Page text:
However, we are left to wonder about the mechanisms by which the practice of using signs benefits children’s language and literacy skills. Do signing children elicit more language, or more types of language, from their parents, which then encourages their own language? Do parents of signing children choose to engage their children in more language-based activities, such as reading, with the result of promoting early literacy skills? Or are signing children advantaged in language and literacy because they have an earlier entrée into the world of representation, the recognition that one thing can stand for another?

Research by Goldin-Meadow and colleagues provides some clues to understand the potential mechanisms by which gesturing enhances language development. They found that children’s use of gestures that complemented their own speech drew richer language from their mothers (Goldin-Meadow, Goodrich, Sauer, & Iverson, 2007). Further, we know that language development is promoted when parents talk to children about their children’s specific interests (Adamson, Bakeman, & Decker, 2004). Thus we may reasonably speculate that preverbal children’s use of a greater variety of gestures draws greater language from adults, which helps adults attend to children’s interests and draws child-relevant speech from adults, promoting children’s vocabulary development.

However, communication is not the only function of gesture; gesture and speech both serve the two functions of language – communication and representation (Goldin-Meadow, 2005). That is, gesture, like language, is a tool for thought as well as a tool for communication. A child’s own variety of gestures – or the number of different things they refer to using gesture during toddlerhood – predicts their vocabulary development, while their own pairings of words and gestures predicts the complexity of their sentences (Rowe & Goldin-Meadow, 2009b).  In school-aged children, studies have found that it is not only teachers’ gestures that support student learning, but children’s own gesture use supports their own learning as well (Cook & Goldin-Meadow, 2006). Goldin-Meadow (2009) claims that ideas generated in gesture are transferred to the mind; that is, children literally think with their hands. There is evidence that this relationship exists in preverbal children as well. The frequency of pointing in infancy predicts not only a child’s skills in engaging others, but also the number of social themes he will act out symbolically in his play during toddlerhood (Vallotton & Ayoub, 2009). Further, infants who use infant signs have been documented to use those signs to compare 2-dimensional and 3-dimensional objects (Vallotton, in press), and to “think out loud” to themselves, using the signs as mental tools (Vygotsky, 1986) in a form of self-regulatory self-gesture (Vallotton, 2008). Thus, though most of the evidence thus far is limited to conventional gestures, we may wonder whether early symbolic gestures (a.k.a. Infant Signs) also play a constructive role in the development of young children’s symbol skills, helping them build mental representations of their worlds, and to understand the nature of representations. If that is the case, then providing preverb al children with preverbal symbols should result in an earlier understanding of the nature of representations, advanced representational behavior, and ultimately advanced language and literacy skills.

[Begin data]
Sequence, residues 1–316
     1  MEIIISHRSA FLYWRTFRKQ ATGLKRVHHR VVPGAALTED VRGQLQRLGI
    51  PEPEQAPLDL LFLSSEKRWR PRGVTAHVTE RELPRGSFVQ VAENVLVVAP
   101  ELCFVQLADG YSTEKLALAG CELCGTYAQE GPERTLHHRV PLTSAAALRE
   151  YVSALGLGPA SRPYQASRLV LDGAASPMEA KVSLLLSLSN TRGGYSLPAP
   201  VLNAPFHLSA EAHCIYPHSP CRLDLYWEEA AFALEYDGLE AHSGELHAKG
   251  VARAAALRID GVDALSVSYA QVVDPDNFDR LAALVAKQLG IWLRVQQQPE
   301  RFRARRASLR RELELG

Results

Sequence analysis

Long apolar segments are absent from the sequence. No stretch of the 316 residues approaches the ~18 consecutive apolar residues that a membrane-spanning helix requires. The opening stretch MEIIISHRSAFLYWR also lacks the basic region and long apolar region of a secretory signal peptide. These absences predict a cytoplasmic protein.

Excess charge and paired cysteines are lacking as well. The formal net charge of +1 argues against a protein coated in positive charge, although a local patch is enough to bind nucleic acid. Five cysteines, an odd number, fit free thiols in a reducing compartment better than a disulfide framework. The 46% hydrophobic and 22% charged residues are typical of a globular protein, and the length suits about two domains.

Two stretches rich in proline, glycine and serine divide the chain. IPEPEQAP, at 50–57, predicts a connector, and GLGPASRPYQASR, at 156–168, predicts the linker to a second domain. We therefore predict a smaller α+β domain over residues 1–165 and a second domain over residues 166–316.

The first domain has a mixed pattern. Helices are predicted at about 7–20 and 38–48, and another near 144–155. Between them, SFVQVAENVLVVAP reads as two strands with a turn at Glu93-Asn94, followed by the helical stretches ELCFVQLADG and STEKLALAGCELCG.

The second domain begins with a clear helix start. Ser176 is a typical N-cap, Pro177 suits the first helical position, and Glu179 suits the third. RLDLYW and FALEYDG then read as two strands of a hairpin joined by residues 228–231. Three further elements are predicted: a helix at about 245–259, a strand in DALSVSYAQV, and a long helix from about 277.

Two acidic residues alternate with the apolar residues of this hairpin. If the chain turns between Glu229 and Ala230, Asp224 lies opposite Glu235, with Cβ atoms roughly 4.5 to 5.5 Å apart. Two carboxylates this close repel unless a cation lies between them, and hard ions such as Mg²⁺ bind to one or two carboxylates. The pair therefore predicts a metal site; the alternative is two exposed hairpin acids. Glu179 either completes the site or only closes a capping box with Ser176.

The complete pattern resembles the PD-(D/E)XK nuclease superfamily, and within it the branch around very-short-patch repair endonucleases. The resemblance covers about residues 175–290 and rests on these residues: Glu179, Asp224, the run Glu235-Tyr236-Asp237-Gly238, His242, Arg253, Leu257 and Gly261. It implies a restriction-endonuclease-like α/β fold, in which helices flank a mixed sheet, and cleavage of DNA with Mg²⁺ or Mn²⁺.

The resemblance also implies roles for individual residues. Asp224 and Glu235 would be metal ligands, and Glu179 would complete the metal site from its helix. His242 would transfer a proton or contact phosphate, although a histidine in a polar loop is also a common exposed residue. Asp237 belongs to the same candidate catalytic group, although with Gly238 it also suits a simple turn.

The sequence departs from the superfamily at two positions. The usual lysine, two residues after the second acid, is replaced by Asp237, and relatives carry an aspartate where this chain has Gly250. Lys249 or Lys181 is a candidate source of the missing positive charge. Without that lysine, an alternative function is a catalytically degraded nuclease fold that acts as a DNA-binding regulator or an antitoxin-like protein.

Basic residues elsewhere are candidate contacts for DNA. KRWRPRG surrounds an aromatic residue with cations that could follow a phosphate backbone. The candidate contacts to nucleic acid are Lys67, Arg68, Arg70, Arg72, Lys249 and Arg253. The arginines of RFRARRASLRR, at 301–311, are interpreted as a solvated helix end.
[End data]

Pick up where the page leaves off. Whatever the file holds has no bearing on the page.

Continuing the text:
Celia signs "Pig" to herself as she "reads" a picture book.